- India celebrated August 11 as Daughter’s Day and that entire week as Daughters’ Week as part of government’s ‘Beti Bachao, Beti Padhao’
- Maneka Gandhi tweeted a photograph with her daughter-in-law and granddaughter to kick-off the campaign
- She believes that the campaign will help in the improvement of the society and will encourage people to send their daughters to school
August 17, 2016: India celebrated August 11 as Daughter’s Day and that entire week as Daughters’ Week as part of government’s ‘Beti Bachao, Beti Padhao’ (Save daughter, educate daughter) programme to check female feticide, improve sex ratio and educate girls across the country. The social media campaign to celebrate daughters, daughters-in-law and granddaughters was started by Women and Child Development Minister Maneka Gandhi on August 8.
Maneka Gandhi tweeted a photograph with her daughter-in-law and granddaughter to kick-off the campaign. She also invited people to tweet their pictures with their daughters-in-law and grand-daughters with #BBPDaughtersWeek. There was an overwhelming response by the people and Mrs. Gandhi re-tweeted dozens of photos sent to her.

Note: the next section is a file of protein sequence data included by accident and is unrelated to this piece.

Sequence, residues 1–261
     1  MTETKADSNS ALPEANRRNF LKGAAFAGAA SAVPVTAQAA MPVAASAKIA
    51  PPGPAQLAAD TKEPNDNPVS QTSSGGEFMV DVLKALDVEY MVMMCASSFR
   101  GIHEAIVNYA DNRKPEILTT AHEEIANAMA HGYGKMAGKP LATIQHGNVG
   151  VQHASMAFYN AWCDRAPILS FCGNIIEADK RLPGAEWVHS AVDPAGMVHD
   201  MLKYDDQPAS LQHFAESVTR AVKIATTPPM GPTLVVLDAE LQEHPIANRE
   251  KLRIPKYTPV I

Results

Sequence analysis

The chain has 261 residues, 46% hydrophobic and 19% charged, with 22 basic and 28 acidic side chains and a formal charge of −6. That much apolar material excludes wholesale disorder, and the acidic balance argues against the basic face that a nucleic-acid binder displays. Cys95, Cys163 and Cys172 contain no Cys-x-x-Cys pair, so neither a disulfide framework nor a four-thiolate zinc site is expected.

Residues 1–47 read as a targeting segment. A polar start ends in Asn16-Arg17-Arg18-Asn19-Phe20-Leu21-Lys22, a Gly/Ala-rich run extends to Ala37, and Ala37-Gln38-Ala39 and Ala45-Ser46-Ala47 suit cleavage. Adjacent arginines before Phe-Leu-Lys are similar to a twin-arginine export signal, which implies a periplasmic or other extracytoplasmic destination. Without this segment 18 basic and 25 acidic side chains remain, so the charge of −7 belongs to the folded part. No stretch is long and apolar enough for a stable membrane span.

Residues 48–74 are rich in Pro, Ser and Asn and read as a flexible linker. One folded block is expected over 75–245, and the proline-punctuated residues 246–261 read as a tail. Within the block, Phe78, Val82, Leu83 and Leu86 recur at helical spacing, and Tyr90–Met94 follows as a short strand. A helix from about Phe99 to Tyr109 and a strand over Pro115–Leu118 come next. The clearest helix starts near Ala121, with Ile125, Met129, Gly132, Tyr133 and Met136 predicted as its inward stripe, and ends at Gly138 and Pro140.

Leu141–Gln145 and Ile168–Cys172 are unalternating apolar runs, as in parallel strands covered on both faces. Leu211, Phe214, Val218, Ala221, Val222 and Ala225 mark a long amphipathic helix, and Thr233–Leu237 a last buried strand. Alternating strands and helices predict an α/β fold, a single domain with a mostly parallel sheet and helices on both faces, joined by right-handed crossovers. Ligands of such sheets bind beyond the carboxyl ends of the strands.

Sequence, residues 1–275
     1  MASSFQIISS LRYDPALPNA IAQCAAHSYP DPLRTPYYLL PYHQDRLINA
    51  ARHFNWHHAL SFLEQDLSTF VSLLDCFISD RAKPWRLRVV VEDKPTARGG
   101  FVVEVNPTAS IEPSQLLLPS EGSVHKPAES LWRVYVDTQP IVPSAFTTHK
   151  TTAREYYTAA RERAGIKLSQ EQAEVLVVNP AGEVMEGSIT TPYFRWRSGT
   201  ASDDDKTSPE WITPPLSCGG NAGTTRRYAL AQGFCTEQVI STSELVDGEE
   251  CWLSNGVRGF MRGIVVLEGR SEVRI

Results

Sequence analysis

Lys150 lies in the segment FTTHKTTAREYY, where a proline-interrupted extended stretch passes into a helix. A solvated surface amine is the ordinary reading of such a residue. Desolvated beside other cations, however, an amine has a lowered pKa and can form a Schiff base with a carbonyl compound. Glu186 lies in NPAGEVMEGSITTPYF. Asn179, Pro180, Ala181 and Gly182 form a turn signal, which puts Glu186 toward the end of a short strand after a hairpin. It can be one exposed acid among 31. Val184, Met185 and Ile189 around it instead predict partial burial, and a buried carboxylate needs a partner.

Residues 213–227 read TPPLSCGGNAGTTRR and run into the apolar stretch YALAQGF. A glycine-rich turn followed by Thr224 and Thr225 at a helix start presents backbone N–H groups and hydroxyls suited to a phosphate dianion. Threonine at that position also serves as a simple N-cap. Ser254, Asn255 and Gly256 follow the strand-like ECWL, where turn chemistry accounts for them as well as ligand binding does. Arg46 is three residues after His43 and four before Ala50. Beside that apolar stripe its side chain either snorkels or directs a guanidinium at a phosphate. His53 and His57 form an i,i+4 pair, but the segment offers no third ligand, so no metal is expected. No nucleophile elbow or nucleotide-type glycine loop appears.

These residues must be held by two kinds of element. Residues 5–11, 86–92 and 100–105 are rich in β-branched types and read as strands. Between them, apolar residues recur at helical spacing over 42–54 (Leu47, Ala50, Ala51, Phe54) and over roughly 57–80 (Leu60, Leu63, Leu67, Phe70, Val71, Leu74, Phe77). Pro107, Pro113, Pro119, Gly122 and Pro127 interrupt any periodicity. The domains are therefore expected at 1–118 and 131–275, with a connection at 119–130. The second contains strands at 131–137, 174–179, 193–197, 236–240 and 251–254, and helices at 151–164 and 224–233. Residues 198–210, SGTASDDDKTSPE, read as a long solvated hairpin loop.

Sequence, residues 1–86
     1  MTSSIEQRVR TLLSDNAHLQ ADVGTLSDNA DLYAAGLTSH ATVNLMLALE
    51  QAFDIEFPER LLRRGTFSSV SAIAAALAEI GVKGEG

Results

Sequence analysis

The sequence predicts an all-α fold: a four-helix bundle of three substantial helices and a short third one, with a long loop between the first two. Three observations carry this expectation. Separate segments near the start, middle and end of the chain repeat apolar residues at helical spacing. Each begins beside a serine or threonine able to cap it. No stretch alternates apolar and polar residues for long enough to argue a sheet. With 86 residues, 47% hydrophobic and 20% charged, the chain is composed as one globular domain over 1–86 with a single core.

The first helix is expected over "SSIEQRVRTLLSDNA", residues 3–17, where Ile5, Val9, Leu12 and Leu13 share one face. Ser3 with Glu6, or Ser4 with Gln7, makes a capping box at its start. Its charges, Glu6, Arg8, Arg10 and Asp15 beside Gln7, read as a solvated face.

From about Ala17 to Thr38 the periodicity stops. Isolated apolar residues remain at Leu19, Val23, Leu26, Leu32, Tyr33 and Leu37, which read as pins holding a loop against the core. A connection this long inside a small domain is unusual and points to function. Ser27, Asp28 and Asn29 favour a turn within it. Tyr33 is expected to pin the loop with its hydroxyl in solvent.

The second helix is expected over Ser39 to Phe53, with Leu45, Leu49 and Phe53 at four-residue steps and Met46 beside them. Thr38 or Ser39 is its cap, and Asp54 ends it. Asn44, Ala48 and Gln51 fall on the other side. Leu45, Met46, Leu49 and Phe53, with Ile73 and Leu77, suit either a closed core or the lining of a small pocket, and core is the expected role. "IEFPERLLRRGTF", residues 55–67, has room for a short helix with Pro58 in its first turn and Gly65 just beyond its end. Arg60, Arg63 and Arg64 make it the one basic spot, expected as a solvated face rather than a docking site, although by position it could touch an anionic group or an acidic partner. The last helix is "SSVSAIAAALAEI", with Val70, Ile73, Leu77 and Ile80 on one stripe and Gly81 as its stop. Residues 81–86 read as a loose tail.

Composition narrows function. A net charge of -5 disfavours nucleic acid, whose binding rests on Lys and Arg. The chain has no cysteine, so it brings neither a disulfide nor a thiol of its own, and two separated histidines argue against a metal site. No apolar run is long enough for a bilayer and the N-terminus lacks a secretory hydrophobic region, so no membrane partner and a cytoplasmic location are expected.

“We are asking people to celebrate the young women and girls in their lives. The time has come to celebrate women. Women are doing much better now, there’s more confidence in them. We want to spread the message that the girl child should be valued,” said Mrs Gandhi to BBC.
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The statement from the ministry said, “This opportunity is being used by the Ministry to engage citizens to celebrate the young women and girls in their lives, and spread the message of valuing the girl child.”
In India, sons are generally viewed as assets as they later become the breadwinners of the family, while daughters are seen as a liability. Sons are also preferred as they carry on the family name, and perform the last rites for their parents, which is an important ritual in many faiths. With the patriarchal attitude deeply ingrained in Indian society, parents run tests to determine the gender of an unborn child, and female feticide remains a common practice in parts of India.
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Mrs. Gandhi believes that campaigns aimed at removing the concept of female feticide and levelling the sex ratio in the country will help in the improvement of the society and will encourage people to send their daughters to school.
Mrs. Gandhi also explains why her campaign singled out daughters, daughters-in-law, and granddaughters. The division was to raise the voices of those Daughters who were denied the right to live, to remind people to treat Daughters-in-laws with love and affection and to appeal to the grandmothers to let the girl child live.
– prepared by Ajay Krishna of NewsGram. Twitter: @ajkrish14
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